Audit

There is no better start to an accessibility push than an audit – to understand where we are at, create a backlog of improvements to improve the user experience, and reach compliance. Auditing can be automated (to cover lots of UI at a high-level), semi-automated , or fully manual (to have a more qualitative assessment).

But first – we needed to figure out what to audit. We made a big spreadsheet:

Screenshot of a spreadsheet – different parts of Wagtail as rows, with columns for whether they are used or not, by whom, what states they can be in, and whether automated tests are set up or not

…and from there, we could start to audit our way through the Wagtail admin!

The results

  • We identified 344 different scenarios / parts of Wagtail to test.
  • We tested 189 of those 344 scenarios.

The discrepancy between the two is due to the scenarios either being seldom used (e.g. Sites management), hard to reach, or hard to test (e.g. the inside of the datepicker).

From this, we found 336 issues via automated testing 🙀. While this can feel like a big number, there were a lot of issues that were duplicated between the different parts of Wagtail, and a few false positives as well. But 336 is a big number nonetheless.

The issues

We made a big spreadsheet with the 336 automated test failures, and the manual ones too. It’s not that interesting to look at (and a lot of them have been fixed since!), but let’s have a look at a selection of my personal favourites.

Colour contrast

Can you spot the error message? Hint: it’s red.

Screenshot of Wagtail’s Documents search, with an error message barely visible under the search field

What can we learn from this? Testing all variations of a given UI is mandatory – focusing on the "success" path is not enough.


If you can’t see colours, can you tell which message is a warning, and which one is a critical error? Hint: one is slightly darker.

Screenshot of Wagtail’s info, warning and error messages, in greyscale.

Here, the takeaway is to never rely on colour alone. Sure – the messages come with icons, but they are identical for warnings and critical messages.

Focus outlines

Can you spot where the focus is? I can’t either.

Screenshot of Wagtail’s page editing UI, with a few fields, and a faint focus outline around one of the buttons of the image chooser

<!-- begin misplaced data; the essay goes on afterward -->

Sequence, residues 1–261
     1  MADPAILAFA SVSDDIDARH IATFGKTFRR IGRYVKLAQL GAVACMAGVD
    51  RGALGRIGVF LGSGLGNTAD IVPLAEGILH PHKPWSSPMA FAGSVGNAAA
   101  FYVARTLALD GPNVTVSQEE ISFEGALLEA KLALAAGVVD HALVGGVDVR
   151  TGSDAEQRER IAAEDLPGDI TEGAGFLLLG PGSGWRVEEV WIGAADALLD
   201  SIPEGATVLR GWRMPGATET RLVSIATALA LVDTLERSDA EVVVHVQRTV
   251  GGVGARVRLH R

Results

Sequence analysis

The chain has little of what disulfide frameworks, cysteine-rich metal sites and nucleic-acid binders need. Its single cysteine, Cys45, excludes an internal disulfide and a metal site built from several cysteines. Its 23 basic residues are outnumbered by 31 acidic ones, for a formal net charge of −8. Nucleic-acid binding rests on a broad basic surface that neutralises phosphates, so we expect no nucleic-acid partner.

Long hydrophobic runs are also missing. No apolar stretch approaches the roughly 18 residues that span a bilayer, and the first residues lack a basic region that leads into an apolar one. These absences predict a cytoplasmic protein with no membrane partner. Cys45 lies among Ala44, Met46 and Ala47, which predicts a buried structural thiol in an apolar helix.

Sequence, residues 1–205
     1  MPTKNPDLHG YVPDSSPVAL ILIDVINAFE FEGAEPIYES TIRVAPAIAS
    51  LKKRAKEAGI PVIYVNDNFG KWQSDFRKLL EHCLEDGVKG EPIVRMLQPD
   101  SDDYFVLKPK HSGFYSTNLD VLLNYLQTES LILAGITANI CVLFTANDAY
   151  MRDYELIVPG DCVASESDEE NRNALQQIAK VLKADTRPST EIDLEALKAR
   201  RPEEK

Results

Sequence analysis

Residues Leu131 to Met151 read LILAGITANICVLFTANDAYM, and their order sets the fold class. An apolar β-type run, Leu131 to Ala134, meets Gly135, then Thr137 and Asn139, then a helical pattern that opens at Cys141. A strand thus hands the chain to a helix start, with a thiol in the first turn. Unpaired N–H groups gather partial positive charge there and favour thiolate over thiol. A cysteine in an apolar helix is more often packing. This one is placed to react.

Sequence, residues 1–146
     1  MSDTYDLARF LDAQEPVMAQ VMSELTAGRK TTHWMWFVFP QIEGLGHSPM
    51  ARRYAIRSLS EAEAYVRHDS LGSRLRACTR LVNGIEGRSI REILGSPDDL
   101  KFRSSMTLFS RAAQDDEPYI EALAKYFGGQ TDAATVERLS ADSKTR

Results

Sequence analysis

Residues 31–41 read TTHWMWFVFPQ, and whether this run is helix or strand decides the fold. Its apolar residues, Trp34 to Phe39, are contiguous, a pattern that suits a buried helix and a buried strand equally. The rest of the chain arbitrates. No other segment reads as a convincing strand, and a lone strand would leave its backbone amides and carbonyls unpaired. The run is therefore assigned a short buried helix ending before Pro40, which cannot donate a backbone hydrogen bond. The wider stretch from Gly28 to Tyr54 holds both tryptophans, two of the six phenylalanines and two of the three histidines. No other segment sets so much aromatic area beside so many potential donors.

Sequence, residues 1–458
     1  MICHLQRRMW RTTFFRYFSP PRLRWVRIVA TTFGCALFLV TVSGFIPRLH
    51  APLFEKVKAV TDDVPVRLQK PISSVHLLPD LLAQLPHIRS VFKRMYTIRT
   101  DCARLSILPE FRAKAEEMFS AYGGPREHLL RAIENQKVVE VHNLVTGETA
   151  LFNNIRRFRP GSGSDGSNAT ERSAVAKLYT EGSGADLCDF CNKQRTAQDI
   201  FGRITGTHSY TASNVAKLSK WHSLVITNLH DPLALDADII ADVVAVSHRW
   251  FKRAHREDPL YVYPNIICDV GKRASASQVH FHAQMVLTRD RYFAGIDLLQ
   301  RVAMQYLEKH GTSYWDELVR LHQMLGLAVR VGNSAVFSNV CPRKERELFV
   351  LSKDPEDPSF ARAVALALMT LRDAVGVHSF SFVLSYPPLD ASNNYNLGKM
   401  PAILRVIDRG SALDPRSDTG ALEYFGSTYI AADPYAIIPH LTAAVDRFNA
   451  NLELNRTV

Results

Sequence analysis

Good, consistent focus styles are fundamental to an interface being usable with the keyboard. Don’t build different styles for each component.

Tab stops

Tab stops are a measure of how many "tab" presses are needed to reach a given part of the page. Wagtail currently doesn’t score well at this, to say the least.

Screenshot of the Wagtail page editing UI, with a visualisation of tab stops overlayed – the tabs start on random buttons, then go through the menu, and finally arrive on the main content


As a bonus, here is a recording of testing Wagtail 2.5 with a screen reader:

What we fixed

Quite simply, we went from 336 errors to 172, with the remainder essentially on parts of Wagtail we chose not to cover (yet!). The Wagtail 2.6 release notes have more information about the fixes:

  • Better text-to-background color contrast across the whole CMS
  • Increased font size across the board as well
  • Added focus outline styles
  • Added more ARIA landmarks and refactored heading structure
  • Added a lot more contextual information to links for screen reader users
  • Fixed the icons implementation (more or less)
  • Fixed focus not moving to the pages explorer

Up next

Even though this was a wonderful push to make Wagtail more accessible, in practice this really should be part of ongoing development. Accessibility should be taken into account in the design & dev workflow for any UI changes. Contributors to Wagtail should have clear information on what to do to make sure they build accessible UIs.

We’re not there yet, but you can follow our progress and get involved by:

And last but not least, this year we are organising a Wagtail sprint focused on accessibility in Bristol.